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believe, can be found less inclined to be a convert to that groundless prejudice, which vain and shallow heads have been hatching for purposes no less fatal to the interests of the public than to the reputations of individuals.

To represent scenes of familiar life in an elegant and interesting manner, is one of the most difficult tasks an author can take in hand; for of these every man is a critic: Nature is in the first place to be attended to, and probability is not to be lost sight of; but it must be nature strongly featured, and probability closely bordering on the marvellous; the one must touch upon extravagance, and the other be highly seasoned with adventures --for who will thank us for a dull and lifeless journal of insipid facts ? Now every peculiarity of humour in the human character is a strain upon nature, and every surprizing incident is a degree of violence to probability: How far shall we go then for our reader's amusement, how soon shall we stop in consideration of ourselves ? There is undoubtedly a land-mark in the fields of fancy, funt certi denique fines, but it requires a nice discernment to find them out, and a cautious temper not to step beyond them.

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Here, then, I will rest my cause, and conclude my chapter. My readers have my best endeavours to amuse them; I have devoted very many hours to the composition of these volumes, and I am beholden to them for beguiling me of many a care ; if they retain their property when they shall pass into the hands of those who peruse them, it will be every thing I can hope for from thein.

APTER

CHAPTER 11. Chamber Diclogues of different Scris. V HEN our hero arrived at Zachary's care

tle, he found a post-chaise in waiting at the gate: As he palled it to enter the court, he made a profound reverence to a lady, whom at first fight he supposed to be his noble benefactress and the owner of it. Upon the glass being let down, to return his civilicy, he perceived his mistake: It was Isabella Manstock: She had accompanied her cousin in her morning airing, and was now filling up the time with a book, whilst her ladyship was in private conference with Doctor Cawdle. That lady had imparted so much of her business to Miss

Manstock

Manstock as sufficed to inform her she was upon a very interesting discovery as to the identity of a young man who had belonged to her deceased friend Ratcliffe, and whom she expected to meet that morning at the Doctor's. Of Henry's adventure with the Miller, and what had passed in consequence of it, that young lady was fully apprised; the story had been told to Sir Roger in her hearing over night, and more circumstantially detailed by Lady Crowbery as she came with her in the chaise. When she saw, therefore, a young man. in mourning, whose appearance answered to the description she had had of him, she was in no doubt of his being the person in question : Curiosity led her to survey him with some attention; and when she perceived him, after ftopping for some little time at the gate, turn back without entering it, (for the fight of Lady Crowbery's equipage made him doubt of the propriety of his visit) she took courage to accost him, saying_" If your name is Henry, Sir, I believe you are expected within doors.” - That is my name, Madam,” he replied very respectfully; " and I am much beholden to you;” upon this he turned back, and entered through the shop to the offices...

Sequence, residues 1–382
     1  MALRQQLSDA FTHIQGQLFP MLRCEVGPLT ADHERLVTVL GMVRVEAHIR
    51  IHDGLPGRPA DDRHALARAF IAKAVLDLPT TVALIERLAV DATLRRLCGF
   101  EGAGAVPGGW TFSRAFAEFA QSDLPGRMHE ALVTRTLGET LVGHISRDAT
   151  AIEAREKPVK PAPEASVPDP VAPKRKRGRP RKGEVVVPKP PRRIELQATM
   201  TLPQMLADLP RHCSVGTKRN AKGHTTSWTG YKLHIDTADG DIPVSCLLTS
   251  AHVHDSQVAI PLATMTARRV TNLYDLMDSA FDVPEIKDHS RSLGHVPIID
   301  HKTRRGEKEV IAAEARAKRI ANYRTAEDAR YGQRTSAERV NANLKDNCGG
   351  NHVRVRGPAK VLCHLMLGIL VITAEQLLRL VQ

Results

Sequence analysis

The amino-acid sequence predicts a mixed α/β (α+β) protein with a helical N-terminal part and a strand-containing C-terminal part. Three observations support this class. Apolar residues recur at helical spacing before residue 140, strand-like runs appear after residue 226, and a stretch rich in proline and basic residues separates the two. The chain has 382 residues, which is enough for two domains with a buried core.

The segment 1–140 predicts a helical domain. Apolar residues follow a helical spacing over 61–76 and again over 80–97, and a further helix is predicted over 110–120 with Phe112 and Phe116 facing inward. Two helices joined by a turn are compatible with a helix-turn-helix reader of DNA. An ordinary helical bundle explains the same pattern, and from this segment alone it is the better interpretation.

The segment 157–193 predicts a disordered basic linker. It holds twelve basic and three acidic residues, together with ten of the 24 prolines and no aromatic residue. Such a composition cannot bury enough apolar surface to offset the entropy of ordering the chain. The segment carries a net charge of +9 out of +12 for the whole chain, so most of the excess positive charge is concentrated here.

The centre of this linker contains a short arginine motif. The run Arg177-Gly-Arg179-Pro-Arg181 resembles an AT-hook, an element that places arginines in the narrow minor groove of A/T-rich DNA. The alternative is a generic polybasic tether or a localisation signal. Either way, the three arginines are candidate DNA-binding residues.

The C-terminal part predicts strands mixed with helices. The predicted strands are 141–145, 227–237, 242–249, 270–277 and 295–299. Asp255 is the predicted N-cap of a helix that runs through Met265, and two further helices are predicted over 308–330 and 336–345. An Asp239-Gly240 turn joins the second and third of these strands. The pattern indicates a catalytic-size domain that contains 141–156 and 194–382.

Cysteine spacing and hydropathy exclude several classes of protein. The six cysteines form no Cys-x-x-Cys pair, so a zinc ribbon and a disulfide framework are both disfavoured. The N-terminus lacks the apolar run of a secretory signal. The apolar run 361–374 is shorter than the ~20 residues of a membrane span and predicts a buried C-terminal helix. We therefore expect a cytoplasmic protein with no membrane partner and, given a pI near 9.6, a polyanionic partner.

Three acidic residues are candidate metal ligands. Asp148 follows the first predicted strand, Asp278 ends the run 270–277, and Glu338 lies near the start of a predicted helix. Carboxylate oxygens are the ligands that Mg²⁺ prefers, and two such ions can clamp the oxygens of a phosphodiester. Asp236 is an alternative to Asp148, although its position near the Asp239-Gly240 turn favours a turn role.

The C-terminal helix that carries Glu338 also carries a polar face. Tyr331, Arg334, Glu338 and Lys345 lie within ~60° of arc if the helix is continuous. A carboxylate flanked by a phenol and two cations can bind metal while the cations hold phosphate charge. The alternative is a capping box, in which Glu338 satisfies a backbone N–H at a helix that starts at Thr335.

: B. S . In

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In the kitchen he was encountered by old Bridget, who, after staring at him for some time with astonishment, no sooner recognized his person, thus newly habited, than she began a string of questions, huddled together with so little order, and so much eagerness, that he fairly excused himself the trouble of replying to any one of them, by desiring she would let her master know that he attended his pleasure.

" Hold there !” cried Bridget, “ master is engag’d.”_" I know how he is engag'd,” replied Henry, “ but I fancy he will see me.”-“ Say you fo ?” quoth the hag, “ then ’ris clear from what quarter your fortune comes: Ifackins! you're a rare one! Some folks have the luck of it, that's for certain : times are well chang'd with you, youngster, since you first enter'd thefe doors; no wonder you was in such hafte to leave us; fine cloaths and an easy service suit you better than hard work and a coarse jacket!”-She then ran on with more of the like trash, with several sy glances at Lady Crowbery, till Henry again reminded her of going up to her master " Well, well !” replied she, “ have a little patience, my fine fpark, and recollect it is not yet my place to go on

your

your errands at the word of command : though my lady has thought fit to dress you out like a gentleman, she has not hir'd me to be your messenger: However, I Thall tell my master you are here. Sit down upon that bench; time was when you would have thank'd me for the offer: when you are call's for I'll let you know.”

Thus inuttering to herself, the mounted the stairs; but instead of going into Zachary's room, went straic to her mistress, eager to broach the news she was charged with, and well prepared to set it off with every proper comment and illustration, suited to her own envious temper and the hearer's taste.

“ Here's news to tell the King !” cried the hag, as she hobbled into Jemima's chamber; “ As sure as you are in that place alive, Mistress, wou'd you think it ? there's Harry, our errand-boy, now in the house, spruc'd out as fine as any lord in the land, If he was heir to the greatest squire in the county he cou’dn't be in handsomer mourning; spick and span new from top to toe, and all of the best!"-" What do you tell me?” exclaim'd Jemima, - how has all this happen'd ? " How has it happen'd !" repeated

B 6 Bridgetj.

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